Tuesday, September 1, 2015

A Natural History of Dragons: A Memoir by Lady Trent by Marie Brennan

Dragons are a staple in fantasy, they are powerful, destroyers, companions and enemies. Occasionally they talks and are frequently mysterious, but rarely are they ever looked at and analyzed in a scientific manner. A Natural History of Dragons takes this old standby and tells an altogether different and engaging story.

We follow the early events of Isabella, or more formally known as Lady Trent, life and rise to one of the preeminent dragon naturalist. Told in in memoir form we learn of Isabella as young girl growing up in the Scirland countryside, a country remarkably similar to Victorian England. She is given little opportunity for science in general and no opportunity to study the little developed field of dragon naturalism. But she manages persevere, acquiring the a copy of the single authoritarian text on dragons, has a chance encounter with one, finds a scholarly husband, and embarks on an expedition to Vystrana to study the local rock wyrms, who are noted for being relatively calm  The expedition is full of smugglers, superstitious locals, ancient ruins, and mysterious and characteristic dragon attacks. Isabella must use all her intelligence and courage to determine what exactly is causing the dragons to attack.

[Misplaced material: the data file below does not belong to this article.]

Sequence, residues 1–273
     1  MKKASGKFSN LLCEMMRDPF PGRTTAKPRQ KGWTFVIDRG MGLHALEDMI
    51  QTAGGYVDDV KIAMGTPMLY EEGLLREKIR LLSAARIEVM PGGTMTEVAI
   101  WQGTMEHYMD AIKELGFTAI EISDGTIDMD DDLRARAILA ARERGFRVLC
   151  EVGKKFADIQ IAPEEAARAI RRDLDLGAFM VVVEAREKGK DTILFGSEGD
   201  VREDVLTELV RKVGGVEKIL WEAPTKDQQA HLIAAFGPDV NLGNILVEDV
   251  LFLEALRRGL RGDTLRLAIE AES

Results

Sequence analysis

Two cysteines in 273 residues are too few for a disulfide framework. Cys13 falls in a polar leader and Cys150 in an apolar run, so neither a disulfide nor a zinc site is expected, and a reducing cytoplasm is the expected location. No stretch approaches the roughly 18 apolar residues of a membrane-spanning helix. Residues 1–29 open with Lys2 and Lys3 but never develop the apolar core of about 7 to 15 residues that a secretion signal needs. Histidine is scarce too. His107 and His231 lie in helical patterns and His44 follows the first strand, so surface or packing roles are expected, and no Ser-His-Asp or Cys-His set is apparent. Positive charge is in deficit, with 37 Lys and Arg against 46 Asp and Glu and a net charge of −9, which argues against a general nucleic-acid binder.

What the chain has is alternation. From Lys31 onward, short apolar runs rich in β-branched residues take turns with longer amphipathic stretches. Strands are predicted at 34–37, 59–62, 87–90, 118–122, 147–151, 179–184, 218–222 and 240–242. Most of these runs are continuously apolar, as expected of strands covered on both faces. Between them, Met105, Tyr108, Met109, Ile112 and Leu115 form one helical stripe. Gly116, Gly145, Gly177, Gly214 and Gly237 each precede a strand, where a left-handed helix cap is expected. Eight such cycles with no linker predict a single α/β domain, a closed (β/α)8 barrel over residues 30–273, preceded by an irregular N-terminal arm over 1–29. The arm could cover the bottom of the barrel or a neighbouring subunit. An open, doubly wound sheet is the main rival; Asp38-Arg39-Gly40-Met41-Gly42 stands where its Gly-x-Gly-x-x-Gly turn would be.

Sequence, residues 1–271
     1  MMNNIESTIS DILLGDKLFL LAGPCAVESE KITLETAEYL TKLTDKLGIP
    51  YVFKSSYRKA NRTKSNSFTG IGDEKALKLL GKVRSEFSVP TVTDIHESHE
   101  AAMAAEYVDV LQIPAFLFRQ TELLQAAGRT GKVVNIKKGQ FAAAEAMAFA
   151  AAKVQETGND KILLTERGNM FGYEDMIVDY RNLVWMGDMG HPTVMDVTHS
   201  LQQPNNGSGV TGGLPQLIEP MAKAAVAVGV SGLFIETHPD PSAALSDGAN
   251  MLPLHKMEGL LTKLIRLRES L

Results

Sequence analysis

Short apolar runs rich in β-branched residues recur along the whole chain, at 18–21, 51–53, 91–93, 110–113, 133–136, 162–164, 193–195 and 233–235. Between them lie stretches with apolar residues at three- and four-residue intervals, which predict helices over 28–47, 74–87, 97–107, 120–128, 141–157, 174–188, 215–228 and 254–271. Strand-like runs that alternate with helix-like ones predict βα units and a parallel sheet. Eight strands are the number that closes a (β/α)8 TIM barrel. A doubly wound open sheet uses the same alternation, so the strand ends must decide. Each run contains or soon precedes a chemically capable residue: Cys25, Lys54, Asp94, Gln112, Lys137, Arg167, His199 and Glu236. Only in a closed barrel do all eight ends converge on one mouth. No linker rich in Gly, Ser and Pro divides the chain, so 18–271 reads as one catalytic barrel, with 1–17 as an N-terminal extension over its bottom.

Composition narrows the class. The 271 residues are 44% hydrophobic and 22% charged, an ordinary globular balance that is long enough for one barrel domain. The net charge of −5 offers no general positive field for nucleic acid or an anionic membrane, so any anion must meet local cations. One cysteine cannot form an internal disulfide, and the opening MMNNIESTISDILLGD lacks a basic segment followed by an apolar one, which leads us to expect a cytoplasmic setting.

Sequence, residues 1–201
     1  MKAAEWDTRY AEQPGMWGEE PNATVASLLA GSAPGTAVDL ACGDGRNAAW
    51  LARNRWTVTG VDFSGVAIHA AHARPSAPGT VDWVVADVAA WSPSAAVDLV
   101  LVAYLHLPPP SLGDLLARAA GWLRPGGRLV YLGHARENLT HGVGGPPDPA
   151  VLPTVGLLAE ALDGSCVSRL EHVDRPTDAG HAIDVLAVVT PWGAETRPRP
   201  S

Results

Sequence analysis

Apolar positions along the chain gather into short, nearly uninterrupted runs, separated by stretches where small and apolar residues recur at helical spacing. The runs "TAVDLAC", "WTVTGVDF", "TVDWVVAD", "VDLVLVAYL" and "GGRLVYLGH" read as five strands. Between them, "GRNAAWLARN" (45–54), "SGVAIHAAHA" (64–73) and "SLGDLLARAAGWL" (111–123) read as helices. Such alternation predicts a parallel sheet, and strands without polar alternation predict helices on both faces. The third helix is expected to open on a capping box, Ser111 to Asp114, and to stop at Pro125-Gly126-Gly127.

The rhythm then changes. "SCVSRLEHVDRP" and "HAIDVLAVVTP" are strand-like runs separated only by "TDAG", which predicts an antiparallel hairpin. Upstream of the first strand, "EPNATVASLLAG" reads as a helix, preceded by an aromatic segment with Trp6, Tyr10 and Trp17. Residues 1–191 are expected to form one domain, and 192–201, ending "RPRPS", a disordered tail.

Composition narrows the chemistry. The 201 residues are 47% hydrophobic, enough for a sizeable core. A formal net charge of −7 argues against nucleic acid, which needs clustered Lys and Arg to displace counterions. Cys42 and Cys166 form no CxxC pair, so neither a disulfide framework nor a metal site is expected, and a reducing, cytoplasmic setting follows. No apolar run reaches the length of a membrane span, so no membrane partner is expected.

The start seemed to plod along at times, even with the consideration that it was needed to establish Isabella’s background and motivations. It seems especially slow in comparison to the concluding flurry of action. However, Brennan does a remarkable job mixing memoir, fantasy dragons, and naturalism, all with a good dose of who-dunnit.


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